So your iPhone has got wet. You dropped it, what, in the bath? The sea? When trying to take underwater photos? And now you want to dry it out, fix the water damage, and recover the data inside? Well, you've come to the right place.
It's a sad fact that iPhones and iPads (but particularly iPhones) get dropped and damaged all the time. Probably the most common is the smashed screen, which we discuss in our article on getting Apple to replace your broken iPhone. But the second most common is almost certainly water damage.
Cheer up, however, because a quick dunk in the old H20 isn't necessarily a death sentence for an iPhone. We can't guarantee anything, but your phone may survive to fight (and get dunked) another day. In this article we explain the best strategies for dealing with a water-damaged electronic device.
First things first. Get the iPhone out of the water right away, if you haven't already. And don't even think about plugging it in.
If the waterlogged iPhone is plugged in already, unplug it (very carefully). Don't be tempted to turn it on and check for damage, as this can cause short circuits.
If the wet iPhone is in a case, remove it; take the SIM card out too. (Removing the battery wouldn't hurt either, but this is obviously only for confident DIY-type users who are willing to void the warranty.) These steps help to reduce the number of nooks and crannies where water can linger, and help to avoid damage to key iPhone components.
Wipe the excess and exterior liquid off everything you can reach. Turn the iPhone upside down and give it a gentle shake to clear the ports and sockets.
What you want to avoid is activating the circuits inside the iPhone, because this is likely to lead to short circuits - that's what causes the long-term damage. If the iPhone happens to be switched off, leave it off.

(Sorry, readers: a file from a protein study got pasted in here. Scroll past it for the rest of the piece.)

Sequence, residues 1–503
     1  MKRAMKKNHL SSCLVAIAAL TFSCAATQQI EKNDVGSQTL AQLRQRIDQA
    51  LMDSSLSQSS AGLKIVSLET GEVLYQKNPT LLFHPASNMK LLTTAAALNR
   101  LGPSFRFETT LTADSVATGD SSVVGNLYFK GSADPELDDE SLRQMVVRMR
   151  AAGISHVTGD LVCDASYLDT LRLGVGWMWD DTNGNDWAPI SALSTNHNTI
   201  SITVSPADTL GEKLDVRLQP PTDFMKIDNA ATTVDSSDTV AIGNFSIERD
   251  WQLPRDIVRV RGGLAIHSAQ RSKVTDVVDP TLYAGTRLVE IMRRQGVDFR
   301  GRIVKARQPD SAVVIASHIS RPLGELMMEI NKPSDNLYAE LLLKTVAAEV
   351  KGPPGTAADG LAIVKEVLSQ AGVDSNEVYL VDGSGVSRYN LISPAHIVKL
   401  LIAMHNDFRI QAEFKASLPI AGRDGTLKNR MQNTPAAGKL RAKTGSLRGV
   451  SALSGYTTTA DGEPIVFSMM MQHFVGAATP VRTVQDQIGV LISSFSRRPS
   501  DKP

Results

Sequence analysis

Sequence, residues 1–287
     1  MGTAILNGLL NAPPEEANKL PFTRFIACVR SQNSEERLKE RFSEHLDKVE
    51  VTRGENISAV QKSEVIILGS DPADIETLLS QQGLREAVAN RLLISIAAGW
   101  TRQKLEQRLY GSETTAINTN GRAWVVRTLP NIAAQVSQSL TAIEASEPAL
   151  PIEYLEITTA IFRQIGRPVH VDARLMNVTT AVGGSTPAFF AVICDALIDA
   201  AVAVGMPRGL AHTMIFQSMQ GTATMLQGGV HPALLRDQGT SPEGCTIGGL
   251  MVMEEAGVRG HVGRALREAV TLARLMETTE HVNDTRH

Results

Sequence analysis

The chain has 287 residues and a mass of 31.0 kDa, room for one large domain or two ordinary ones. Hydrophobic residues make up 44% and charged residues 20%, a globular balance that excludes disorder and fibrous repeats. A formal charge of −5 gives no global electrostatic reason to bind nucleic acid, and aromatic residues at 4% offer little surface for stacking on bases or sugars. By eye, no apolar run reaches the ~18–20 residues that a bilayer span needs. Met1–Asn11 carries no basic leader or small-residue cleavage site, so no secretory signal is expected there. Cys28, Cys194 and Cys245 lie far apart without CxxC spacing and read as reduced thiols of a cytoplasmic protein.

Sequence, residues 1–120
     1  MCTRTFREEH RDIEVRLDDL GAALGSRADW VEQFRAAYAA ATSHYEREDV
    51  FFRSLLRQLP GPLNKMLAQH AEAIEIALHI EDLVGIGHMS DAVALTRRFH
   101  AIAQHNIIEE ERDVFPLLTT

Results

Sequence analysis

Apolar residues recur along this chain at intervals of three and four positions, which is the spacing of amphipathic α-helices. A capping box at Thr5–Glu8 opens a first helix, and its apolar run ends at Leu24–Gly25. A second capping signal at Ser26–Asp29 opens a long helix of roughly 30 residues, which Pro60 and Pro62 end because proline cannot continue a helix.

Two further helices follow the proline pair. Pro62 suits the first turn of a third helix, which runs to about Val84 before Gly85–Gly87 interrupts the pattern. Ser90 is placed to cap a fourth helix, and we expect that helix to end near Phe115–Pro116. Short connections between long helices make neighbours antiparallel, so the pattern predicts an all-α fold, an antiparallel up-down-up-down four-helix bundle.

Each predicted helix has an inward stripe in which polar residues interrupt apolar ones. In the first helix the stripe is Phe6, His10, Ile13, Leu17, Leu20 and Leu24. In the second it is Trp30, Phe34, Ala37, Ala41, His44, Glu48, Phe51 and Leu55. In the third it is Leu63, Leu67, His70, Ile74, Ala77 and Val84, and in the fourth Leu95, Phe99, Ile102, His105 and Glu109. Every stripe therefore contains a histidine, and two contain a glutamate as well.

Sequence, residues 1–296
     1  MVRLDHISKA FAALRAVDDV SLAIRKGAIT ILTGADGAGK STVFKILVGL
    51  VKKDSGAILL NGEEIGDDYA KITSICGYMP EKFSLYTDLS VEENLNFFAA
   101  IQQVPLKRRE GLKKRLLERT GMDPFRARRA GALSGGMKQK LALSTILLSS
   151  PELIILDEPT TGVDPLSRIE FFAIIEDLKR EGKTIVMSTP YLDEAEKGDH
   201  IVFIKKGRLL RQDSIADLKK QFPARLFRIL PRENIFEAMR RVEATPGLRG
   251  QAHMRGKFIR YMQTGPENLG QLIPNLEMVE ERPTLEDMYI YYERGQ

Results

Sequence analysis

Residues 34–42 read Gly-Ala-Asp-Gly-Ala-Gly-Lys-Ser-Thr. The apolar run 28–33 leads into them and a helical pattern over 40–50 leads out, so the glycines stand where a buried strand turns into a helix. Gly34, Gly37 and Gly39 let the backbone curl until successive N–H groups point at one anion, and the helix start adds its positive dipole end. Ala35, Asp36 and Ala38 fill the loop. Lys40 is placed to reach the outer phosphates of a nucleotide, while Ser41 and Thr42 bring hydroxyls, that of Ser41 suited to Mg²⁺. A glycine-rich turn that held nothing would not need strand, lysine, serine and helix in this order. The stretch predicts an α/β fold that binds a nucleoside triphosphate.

Don't be tempted to power it up and see if it still works. It might, and then promptly stop working forever precisely because you took a look.
A more likely scenario, sadly, is that your iPhone was switched on (or in sleep mode) when you dropped it in the drink.
So at this point you're looking at two unappealing options: power down (but in the process causing the screen and operating system to wake up briefly before switching off) or leave the device in sleep mode in the hope that you don't get any notifications.
It's your decision, but after discussions here in the Macworld offices we've decided that the lesser of two evils is to wake the iPhone briefly in order to do a full power off - and that's what we suggest in the video at the top of this article.
If you were lucky enough to be in Airplane Mode when you dropped the device, however, or are otherwise confident that nothing will happen to make your iPhone wake up in the next 48 hours, leaving it alone might be the better option.
Dry out your iPhone with uncooked rice
Now we need to draw as much interior liquid out as possible. Resist the temptation to use a hair dryer or other heat treatment, as this can damage the iPhone's internal components.
(A few iPhone users advise the use of a non-heated fan, mind you, which at least shouldn't make things worse, even if we think the below techniques are likely to be more effective.)
To get moisture out of the iPhone's interior, you need a desiccant. Many people swear by uncooked rice, advising owners to put their damp iPad or iPhone in a big bowl of the stuff (cover it completely) and leave it there for 48 hours or so.
The rice will absorb the moisture effectively, and most of us have some uncooked rice in our homes (or can get hold of some fairly easily). But it may get dust or even entire grains into the ports. Be warned.
We discuss this method in more detail in our article: rescue a soaked iPhone with the rice trick.
A better option: dry out your iPhone with silica gel sachets
A better option than uncooked rice if you've got it is silica gel - those little (and inedible) packets that come with some electronic components, particularly if they've been shipped from a country with a humid climate.
You need enough of them to cover the iPad/iPhone. You may be able to buy them en-masse from a craft shop, and handbag shops are a great source - ask the staff if they mind you fishing out the sachet that you'll probably find zipped into each handbag's interior pocket.
Silica gel sachets should dry a wet iPhone out more efficiently and less messily than rice. You should still give the iPhone at least 48 hours to dry out completely, however.
Dismantling your iPhone or iPad
If you're really confident about doing DIY repairs on your iPhone, the best approach to a wet iPhone is to unscrew the bottom screws (on most models of iPhone this will require a proprietary type of screwdriver head, available as part of some iPhone repair kits sold by unofficial third-party accessory makers) and access the interior.